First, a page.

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Publication numberUS5046243 A
Publication typeGrant
Application numberUS 07/609,314
Publication dateSep 10, 1991
Filing dateNov 5, 1990
Priority dateNov 5, 1990
Fee statusPaid
Publication number07609314, 609314, US 5046243 A, US 5046243A, US-A-5046243, US5046243 A, US5046243A
InventorsRichard P. Walker
Original AssigneeGte Products Corporation
Export CitationBiBTeX, EndNote, RefMan
External Links: USPTO, USPTO Assignment, Espacenet
Method of mounting electrical contacts in connector body
US 5046243 A
Abstract
Electrical contacts are fixed in a connector by ultrasonic melting of a portion of the connector body. The contacts are positioned in appropriate apertures having one part formed with a boss which defines a well. A widened section of the contact fits into the well and the boss is melted and forced into the well, thus fixing the contact in position.
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Claims(3)
I claim:
1. In a method of fixing an electrical contact into a connector body, said electrical contact having a first portion with a first major dimension, a second portion with a second major dimension, and a third portion extending from said second portion in a direction opposite to said first portion; said connector body having an aperture with a first section formed to receive said first portion of said electrical contact and a second section formed to receive said second portion of said contact; a boss surrounding said second section of said aperture and extending above a surface of said connector body whereby said second portion is positioned in a well, the steps comprising: inserting said electrical contact into said aperture with said first portion of said contact in said first section and said second portion in said second section; positioning said contact and connector body at a work station which includes an ultrasonic horn; causing relative movement between said connector body and said horn until said third portion of said contact engages a horn aperture in said horn and a depression surrounding said horn aperture engages said boss; and ultrasonically vibrating said horn to melt said boss and cause said melting material to flow into and substantially fill said well, thereby securing said contact.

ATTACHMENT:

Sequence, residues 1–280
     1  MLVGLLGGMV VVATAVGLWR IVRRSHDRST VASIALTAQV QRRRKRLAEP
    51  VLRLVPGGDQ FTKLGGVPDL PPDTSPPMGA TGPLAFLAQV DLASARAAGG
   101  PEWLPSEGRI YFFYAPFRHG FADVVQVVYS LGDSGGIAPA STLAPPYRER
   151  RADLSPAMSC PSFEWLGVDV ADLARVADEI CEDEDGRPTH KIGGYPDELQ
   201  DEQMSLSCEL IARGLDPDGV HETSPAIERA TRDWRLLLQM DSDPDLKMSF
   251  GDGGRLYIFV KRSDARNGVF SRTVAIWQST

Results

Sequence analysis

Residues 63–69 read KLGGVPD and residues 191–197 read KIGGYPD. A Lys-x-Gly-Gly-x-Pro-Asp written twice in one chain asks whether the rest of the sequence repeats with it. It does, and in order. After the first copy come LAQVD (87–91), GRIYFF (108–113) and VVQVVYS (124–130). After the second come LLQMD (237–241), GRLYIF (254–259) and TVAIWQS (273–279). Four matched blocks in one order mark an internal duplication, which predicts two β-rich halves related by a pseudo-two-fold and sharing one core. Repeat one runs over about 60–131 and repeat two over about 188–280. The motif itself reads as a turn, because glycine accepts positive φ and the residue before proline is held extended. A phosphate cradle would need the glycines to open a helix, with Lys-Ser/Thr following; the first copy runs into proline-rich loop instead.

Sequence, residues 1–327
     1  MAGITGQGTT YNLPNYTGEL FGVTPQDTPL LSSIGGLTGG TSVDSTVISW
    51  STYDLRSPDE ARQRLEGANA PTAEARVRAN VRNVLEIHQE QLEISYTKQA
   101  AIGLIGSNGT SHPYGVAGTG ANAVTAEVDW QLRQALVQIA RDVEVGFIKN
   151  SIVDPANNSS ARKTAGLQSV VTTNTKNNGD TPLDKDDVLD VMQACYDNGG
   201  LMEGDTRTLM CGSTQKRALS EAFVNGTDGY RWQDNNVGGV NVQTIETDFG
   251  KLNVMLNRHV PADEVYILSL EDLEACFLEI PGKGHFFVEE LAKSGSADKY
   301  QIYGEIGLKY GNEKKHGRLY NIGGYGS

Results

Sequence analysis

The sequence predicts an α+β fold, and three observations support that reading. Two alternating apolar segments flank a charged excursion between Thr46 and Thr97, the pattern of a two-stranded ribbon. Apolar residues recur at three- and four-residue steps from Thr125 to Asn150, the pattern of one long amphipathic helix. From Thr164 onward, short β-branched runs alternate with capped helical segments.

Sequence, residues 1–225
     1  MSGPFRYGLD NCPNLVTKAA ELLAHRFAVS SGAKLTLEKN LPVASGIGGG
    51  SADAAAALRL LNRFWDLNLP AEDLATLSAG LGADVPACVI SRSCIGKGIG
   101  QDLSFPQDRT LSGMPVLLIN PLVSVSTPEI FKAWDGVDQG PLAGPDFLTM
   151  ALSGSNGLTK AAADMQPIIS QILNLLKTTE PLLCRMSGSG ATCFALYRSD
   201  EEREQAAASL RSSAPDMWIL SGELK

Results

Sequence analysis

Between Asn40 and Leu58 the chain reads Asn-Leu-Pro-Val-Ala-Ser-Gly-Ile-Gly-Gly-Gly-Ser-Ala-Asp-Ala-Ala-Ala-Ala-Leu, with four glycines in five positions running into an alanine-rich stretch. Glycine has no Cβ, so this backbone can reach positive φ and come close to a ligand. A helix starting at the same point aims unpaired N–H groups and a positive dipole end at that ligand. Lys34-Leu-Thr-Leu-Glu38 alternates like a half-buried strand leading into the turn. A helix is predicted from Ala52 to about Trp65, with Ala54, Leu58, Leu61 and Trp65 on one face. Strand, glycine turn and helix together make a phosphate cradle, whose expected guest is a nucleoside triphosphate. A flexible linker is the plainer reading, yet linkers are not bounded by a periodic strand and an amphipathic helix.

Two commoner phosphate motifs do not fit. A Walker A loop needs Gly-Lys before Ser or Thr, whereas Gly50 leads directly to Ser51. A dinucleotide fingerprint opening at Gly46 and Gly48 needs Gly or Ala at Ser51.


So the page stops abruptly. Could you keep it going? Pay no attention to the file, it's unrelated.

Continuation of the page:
2. The method of claim 1 wherein said horn vibrates at a frequency of 20,000 cycles per second.
3. The method of claim 2 wherein said horn vibrates for about two seconds.
Description
TECHNICAL FIELD

This invention relates to electrical connectors and more particularly to a method of mounting electrical contacts within a thermoplastic connector body.

BACKGROUND ART

Fixing electrical contacts within insulating connectors is often troublesome. Many techniques have been employed, including force fitting, i.e., friction; molding the connector body around the contacts; and by heating the body to melt some of the material around a contact. Friction fitting can damage the contact; insert molding is expensive, and melting by the direct application of heat is cumbersome and time-consuming. Melting of portions of a connector body has also been accomplished by ultrasonic vibration, see, for example, U.S. Pat. No. 4,860,445, wherein contacts were held in position by an alignment plate.

DISCLOSURE OF THE INVENTION

It is, therefore, an object of the invention to obviate the disadvantages of the prior art.

It is another object of the invention to enhance the art of connector making.

Yet another object of the invention is the provision of a method of sealing contacts into a connector body having a thin wall section.

Yet other objects of the invention are to provide a fast, simple, and economical method for fixing electrical contacts into connector bodies.